What Moves Us to Take Action?

April 23, 2012
Tim Hallbom

What motivates you to move ahead? Or, do you prefer to wait and gather information from others before acting? When learning about what motivates us (or others) to take action, it is very helpful to determine the typically unconscious pattern or Meta Program that gets us to move ahead.

Action Level Pattern Proactive vs. Reactive

As always with Meta Programs, how we move into action will change depending on the situation we are in. Often in more familiar settings we may be more inclined to be proactive given there is a different level of safety. In another context, not knowing how the other people around us may operate, we might be much more reactive.

Proactive: You are the initiator. You jump into taking action, often with little consideration or time to think and analyze the situation. Having to wait can also be a big de-motivator. You are great at pushing projects ahead, yet may step on a few toes or ruffle some feathers in the meantime. -The most effective language to use with a proactive person for rapport is: “…Go for it” “make it happen…” “Get it done…”

Reactive: You want to wait and gather information from others actions before making a move. You prefer to analyze a situation and take action only after fully understanding it. You also do well in a job position where others come to you with questions or issues and you respond to their needs. Sometimes you may spend a lot of time waiting, considering others actions and analyzing them, frustrating those around you, and never getting started. -Language for rapport and understanding: “evaluate this…” “Take time to think about this and let me know…” might, could, ponder (from Coaching In the Workplace).

No matter what profession you are in, if you work with other people, Meta Programs can be very useful. Understanding which Meta Programs someone is operating out of (in a specific setting) will give you fast and effective insight into their preferred thinking style, indicating the best route for increased rapport and clear communication.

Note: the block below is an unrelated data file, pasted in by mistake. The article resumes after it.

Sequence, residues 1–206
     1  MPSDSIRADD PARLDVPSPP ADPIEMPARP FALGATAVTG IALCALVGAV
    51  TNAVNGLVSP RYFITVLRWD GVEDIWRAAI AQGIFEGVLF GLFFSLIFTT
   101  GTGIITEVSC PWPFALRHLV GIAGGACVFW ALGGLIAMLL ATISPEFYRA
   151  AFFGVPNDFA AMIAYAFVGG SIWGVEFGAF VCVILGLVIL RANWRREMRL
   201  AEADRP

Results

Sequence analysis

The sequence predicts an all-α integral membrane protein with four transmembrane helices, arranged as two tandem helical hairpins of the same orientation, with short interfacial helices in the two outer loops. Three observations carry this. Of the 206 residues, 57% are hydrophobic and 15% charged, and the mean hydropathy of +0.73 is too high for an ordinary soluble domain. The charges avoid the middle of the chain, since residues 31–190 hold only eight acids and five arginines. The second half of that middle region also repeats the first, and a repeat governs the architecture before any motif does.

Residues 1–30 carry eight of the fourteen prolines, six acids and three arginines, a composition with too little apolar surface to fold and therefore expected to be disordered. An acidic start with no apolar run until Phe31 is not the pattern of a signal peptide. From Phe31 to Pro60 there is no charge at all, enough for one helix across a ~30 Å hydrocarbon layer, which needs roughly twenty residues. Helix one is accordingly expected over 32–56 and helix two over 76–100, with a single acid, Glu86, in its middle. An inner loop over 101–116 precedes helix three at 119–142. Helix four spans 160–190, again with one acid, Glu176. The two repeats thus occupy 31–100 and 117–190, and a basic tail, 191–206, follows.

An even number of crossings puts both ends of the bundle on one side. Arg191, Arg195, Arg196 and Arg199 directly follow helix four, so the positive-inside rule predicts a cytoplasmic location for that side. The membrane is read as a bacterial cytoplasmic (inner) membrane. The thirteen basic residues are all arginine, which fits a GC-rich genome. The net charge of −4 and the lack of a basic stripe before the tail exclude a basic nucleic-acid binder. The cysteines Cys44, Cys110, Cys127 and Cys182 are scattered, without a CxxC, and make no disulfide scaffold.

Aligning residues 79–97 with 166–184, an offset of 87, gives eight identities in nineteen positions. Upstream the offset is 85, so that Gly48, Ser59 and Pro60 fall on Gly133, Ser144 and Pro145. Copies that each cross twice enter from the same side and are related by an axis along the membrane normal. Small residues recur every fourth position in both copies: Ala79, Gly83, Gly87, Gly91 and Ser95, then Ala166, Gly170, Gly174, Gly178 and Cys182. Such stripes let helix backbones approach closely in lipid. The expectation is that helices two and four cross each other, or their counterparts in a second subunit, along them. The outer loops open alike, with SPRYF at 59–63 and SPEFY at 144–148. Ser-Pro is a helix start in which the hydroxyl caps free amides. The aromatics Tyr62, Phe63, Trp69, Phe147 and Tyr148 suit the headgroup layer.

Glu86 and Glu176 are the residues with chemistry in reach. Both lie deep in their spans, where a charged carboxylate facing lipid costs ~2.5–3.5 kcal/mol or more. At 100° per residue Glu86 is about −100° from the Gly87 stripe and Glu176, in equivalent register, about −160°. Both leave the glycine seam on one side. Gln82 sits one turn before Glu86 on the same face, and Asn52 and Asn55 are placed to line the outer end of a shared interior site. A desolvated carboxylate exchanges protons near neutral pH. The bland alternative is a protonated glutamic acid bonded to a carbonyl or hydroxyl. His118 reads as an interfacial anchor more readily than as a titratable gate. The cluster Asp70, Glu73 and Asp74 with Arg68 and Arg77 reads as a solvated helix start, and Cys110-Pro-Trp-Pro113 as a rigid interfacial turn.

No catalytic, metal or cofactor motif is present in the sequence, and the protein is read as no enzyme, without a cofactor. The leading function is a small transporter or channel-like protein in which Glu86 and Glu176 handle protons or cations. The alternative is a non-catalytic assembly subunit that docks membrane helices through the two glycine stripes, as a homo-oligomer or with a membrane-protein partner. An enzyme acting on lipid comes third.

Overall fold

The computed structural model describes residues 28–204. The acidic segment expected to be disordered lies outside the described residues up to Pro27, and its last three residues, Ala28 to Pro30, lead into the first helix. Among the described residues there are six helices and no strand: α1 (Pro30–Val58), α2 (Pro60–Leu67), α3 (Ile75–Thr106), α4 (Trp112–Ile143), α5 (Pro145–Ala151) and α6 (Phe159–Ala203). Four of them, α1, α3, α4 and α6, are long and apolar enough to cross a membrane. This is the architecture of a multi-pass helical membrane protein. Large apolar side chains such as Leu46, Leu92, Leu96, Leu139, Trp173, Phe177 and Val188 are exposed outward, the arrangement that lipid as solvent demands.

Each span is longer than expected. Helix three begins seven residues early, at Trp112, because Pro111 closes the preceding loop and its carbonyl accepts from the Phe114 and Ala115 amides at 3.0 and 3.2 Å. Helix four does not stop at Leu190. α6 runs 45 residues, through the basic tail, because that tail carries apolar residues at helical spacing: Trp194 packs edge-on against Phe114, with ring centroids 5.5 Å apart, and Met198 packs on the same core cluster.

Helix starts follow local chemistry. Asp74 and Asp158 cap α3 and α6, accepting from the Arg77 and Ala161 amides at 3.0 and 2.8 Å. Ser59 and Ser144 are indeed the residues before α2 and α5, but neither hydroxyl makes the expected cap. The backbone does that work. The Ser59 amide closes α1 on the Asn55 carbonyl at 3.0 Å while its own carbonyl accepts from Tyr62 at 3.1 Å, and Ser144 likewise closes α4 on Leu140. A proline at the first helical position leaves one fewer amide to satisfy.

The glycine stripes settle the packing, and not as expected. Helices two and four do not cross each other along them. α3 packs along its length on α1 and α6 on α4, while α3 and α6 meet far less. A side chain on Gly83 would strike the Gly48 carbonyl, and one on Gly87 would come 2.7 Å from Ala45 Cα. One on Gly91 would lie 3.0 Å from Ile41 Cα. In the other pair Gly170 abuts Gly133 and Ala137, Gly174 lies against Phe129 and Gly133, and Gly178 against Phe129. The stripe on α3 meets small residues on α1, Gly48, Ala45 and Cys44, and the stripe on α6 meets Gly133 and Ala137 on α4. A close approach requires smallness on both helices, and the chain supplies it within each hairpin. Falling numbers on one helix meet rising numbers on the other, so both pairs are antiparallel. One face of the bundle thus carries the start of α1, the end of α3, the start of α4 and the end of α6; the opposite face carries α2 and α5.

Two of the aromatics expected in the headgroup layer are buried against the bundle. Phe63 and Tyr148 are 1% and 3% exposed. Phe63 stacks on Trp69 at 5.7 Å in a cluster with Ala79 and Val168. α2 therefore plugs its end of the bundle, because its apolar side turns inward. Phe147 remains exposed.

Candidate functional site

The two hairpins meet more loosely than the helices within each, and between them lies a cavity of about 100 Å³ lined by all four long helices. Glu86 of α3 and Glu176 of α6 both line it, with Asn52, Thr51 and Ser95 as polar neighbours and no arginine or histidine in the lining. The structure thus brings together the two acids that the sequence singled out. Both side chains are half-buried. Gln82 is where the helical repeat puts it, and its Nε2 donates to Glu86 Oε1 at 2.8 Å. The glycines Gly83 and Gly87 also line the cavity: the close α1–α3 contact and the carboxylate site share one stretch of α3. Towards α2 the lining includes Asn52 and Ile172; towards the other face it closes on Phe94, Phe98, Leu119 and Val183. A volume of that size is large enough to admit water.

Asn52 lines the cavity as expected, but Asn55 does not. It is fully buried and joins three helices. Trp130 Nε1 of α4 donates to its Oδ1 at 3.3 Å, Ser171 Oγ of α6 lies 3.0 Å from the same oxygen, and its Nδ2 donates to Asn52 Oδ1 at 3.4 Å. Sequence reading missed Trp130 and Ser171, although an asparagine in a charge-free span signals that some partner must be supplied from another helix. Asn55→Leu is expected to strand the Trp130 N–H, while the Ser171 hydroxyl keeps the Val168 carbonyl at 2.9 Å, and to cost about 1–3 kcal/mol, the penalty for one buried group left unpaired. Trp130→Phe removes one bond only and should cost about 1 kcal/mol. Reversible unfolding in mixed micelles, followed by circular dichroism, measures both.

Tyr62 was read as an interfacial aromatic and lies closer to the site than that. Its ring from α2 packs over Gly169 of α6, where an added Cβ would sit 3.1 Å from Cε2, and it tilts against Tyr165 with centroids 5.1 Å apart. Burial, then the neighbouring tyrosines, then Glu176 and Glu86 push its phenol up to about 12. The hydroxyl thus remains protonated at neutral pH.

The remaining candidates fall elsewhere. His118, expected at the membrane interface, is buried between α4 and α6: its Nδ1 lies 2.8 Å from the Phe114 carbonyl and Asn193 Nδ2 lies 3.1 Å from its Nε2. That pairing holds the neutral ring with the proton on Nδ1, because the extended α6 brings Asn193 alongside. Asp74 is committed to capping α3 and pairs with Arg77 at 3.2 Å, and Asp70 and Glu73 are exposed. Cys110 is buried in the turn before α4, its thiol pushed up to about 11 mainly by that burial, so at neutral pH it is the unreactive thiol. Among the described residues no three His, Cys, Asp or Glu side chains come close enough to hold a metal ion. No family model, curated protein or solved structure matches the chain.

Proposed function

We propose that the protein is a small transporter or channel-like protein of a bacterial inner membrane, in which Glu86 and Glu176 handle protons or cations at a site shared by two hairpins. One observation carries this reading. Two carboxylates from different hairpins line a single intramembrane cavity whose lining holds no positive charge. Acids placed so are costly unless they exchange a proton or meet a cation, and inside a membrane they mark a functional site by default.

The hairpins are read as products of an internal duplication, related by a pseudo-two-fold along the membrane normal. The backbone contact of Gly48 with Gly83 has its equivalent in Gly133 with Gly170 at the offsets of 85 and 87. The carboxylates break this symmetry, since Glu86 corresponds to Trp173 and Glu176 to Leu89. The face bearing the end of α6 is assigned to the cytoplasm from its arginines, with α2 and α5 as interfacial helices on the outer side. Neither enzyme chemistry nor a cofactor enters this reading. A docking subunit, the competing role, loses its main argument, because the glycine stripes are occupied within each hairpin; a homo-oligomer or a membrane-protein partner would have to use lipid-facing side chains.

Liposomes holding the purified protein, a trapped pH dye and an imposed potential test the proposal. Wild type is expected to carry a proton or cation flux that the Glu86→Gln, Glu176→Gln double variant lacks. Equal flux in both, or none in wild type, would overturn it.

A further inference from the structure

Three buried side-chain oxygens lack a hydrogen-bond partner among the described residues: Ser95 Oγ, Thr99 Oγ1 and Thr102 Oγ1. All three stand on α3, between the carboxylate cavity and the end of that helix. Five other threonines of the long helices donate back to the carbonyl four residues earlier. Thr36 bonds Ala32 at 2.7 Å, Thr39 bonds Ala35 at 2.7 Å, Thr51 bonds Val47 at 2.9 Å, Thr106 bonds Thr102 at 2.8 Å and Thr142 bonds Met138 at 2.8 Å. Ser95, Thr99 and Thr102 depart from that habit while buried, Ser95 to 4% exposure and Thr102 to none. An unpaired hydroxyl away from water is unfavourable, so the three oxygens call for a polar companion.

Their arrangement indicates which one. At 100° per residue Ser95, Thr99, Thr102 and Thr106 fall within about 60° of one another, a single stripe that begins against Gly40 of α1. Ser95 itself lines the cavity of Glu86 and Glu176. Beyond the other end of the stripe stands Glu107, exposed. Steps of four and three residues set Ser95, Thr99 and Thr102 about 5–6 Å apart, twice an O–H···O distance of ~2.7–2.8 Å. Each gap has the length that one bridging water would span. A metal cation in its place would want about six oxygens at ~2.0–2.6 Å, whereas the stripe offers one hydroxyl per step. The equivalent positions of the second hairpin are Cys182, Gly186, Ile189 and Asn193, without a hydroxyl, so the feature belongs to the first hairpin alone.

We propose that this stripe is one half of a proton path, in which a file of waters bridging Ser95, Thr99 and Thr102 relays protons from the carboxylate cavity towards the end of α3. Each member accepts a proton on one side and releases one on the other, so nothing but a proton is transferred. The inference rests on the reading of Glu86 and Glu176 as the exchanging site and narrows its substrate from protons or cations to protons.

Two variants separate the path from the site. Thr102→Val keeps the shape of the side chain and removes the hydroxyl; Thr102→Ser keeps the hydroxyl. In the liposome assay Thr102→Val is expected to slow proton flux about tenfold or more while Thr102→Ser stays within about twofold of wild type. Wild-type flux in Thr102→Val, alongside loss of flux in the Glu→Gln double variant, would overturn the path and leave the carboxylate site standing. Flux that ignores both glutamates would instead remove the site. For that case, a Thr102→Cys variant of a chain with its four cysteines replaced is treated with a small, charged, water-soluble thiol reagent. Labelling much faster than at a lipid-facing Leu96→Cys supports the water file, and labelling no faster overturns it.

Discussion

About the author 

Tim Hallbom

Director of NLPCA -- NLP and Coaching Institute of California

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  1. I can definitely see how one person could be both proactive and reactive depending on the situation and the issues they are presented with. I see that in myself at times, though I lean toward the more proactive side of things. As you mention in the “Reactive” section in your post, it can create a feeling of frustration when working with people on a different wave length than you are.

  2. This absolutely seems an invaluable tool for anyone who wants to mentor or teach anyone else, especially individually, as your methods can be targeted quite clearly to the person’s needs of communication and processing. It seems you could definitely stream line the whole process so it’s much more economical and quick.

  3. However anything motivates, I must say that, this is one of the great motivating blog post for us. And the MindSonar tool is more helpful in the field of success in our life. The mankind need something inspiring thoughts and we can get it easily from here.

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